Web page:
How To Draft A Letter For Your LPC Supervising Solicitor
Drafting a legal letter is not as simple as it appears and involves numerous considerations prior to beginning to put words on the page. Of paramount importance is the issue of Client Care particularly to ensure that the requirements of the Solicitors' Code of Conduct in that respect are met.
There are numerous reasons or purposes behind a letter being required but by following the points raised it will ensure that it will be professional, helpful, meet its requirements or purpose but above all ensure that the requirements of client care are met and the provisions of the Solicitors' Code of Conduct and statutory requirements satisfied.
- Purpose - Consideration of the purpose of the letter is paramount because it serves as the foundation for all other considerations that may be different for each purpose. There are also several purposes that a letter covers; Information, guidance or requests are just three examples.
- Audience - The reader is important because this governs the tone and language that the letter should contain. A client would not understand complex legal issues or legal language as would a judge or fellow legal professional. The needs or requirements of a client will normally be different from those of the said judge or legal professional.
- Structure - Clarity and brevity require that every word used in the letter must have a purpose. The reader may be a very busy legal professional or a confused, worried or angry client and the content of the letter must meet their needs in as clear and concise way as possible.
The layout of the letter must ensure that it conveys a professional approach, is neat and in a structured order. There is no standard layout per se as each practice will have an individual house style based around the practice headed paper but there are some basic rules that should be followed.
- Tone - The tone of the letter must be balanced and in keeping with the subject that it covers. Some matters may require a firm tone or send a sense of urgency, for example where information or documents are required to meet a specific deadline. Other letters may command a need for sympathy, for example when dealing with probate or sensitive family matters.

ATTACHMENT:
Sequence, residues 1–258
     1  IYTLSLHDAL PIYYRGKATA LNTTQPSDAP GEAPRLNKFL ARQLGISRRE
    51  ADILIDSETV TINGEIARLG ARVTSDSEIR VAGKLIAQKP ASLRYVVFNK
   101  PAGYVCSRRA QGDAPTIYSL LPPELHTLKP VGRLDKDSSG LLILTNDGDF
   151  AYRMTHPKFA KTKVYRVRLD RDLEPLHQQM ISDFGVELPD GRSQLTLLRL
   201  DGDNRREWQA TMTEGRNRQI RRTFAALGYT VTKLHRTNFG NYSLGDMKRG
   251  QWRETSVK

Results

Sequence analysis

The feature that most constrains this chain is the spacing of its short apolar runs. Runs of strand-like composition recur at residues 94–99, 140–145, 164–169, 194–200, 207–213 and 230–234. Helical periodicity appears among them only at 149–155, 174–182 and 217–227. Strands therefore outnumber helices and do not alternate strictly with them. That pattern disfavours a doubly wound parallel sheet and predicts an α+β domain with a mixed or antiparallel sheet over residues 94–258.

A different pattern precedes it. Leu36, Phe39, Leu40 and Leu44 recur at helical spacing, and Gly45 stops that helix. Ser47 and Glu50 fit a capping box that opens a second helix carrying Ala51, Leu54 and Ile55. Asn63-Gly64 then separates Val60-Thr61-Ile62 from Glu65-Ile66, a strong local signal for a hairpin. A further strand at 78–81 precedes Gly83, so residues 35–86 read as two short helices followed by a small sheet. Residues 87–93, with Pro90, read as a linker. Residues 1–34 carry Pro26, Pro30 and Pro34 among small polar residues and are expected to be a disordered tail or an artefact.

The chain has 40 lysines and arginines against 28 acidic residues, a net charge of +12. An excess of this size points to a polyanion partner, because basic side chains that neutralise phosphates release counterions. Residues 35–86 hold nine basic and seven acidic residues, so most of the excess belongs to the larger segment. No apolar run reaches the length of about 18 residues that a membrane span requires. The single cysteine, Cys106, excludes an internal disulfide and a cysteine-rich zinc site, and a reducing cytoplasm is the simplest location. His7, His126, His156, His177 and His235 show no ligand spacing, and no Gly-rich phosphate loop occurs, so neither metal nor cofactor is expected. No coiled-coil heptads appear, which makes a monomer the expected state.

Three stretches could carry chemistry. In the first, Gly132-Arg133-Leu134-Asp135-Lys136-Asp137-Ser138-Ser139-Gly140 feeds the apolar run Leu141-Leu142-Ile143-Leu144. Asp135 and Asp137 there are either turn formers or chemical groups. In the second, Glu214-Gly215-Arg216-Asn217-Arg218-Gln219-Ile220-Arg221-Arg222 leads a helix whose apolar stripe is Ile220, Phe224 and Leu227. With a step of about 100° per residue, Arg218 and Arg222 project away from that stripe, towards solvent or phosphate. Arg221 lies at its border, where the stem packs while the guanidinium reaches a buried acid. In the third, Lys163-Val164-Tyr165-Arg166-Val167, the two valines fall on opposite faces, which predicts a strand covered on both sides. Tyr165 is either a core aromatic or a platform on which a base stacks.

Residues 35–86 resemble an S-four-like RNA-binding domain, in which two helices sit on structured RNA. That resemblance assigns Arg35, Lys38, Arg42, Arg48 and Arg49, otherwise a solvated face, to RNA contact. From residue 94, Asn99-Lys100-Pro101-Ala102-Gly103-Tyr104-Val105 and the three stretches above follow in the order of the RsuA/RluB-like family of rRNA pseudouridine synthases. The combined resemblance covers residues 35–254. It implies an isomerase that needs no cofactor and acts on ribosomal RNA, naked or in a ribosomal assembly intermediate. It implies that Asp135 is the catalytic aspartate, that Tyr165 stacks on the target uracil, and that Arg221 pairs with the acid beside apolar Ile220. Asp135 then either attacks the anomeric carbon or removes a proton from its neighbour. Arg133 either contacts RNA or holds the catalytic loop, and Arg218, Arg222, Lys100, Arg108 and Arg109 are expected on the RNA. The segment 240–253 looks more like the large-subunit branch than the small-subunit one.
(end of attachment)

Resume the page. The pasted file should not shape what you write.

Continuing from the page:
- Accuracy - This is a letter from a legal professional therefore any legal content must be completely correct and up to date. Whether criminal, civil, statutory or common the law is such a dynamic entity that can so quickly be out of date. For example, the elements of a criminal offence can very quickly change through the decision of the Court of Appeal or an offence can be completely abolished by the enactment of secondary legislation. The effect of including out of date legal issues in a letter can not only be detrimental to the case in hand but to the client and the reputation of the firm. There can also be implications under the Solicitors Code of Conduct.
The letter should be free from spelling or grammar mistakes therefore it is vital that it is proof read carefully. A letter containing such inaccuracies only serves to project an image of the firm as being unprofessional, sloppy or simply bad. Equally where a letter contains financial information, whether it is for billing/fee purposes or quoting potential damages amounts, an error can have far reaching effects for both the firm and the client either through loss of monies or provision of false hope.
- Client Care– Although this is the last point in this list it is arguably the most important aspect. The Solicitors Code of Conduct 2007 requires that this is paramount at all times. There are also statutory requirements, for example where a case includes contingency fees this must be declared and explained to the client.
A lay client may primarily only be interested in whether they have a case and if they have a good prospect of winning whereas a legal professional will have other requirements, for example clarification of a legal point. Whomever the letter is for, the issue of client care and adherence to the Code of Conduct are paramount. Rule 1 of the Code provides the Core Duties that are required and are the fundamental rules of practise therefore they will dictate a large proportion of what must be included in the letter. However, in this respect, the Civil Procedure Rules will equally have bearing where they dictate through such things as Pre-Action Protocols or the Criminal Procedure Rules in respect of such matters as, for example, disclosure.
Rules 2.02 Client Care and 2.03 Information about Cost are the primary sources to be aware of, additionally there is also a Law Society Practice note regarding Client Care letters that should be referred to.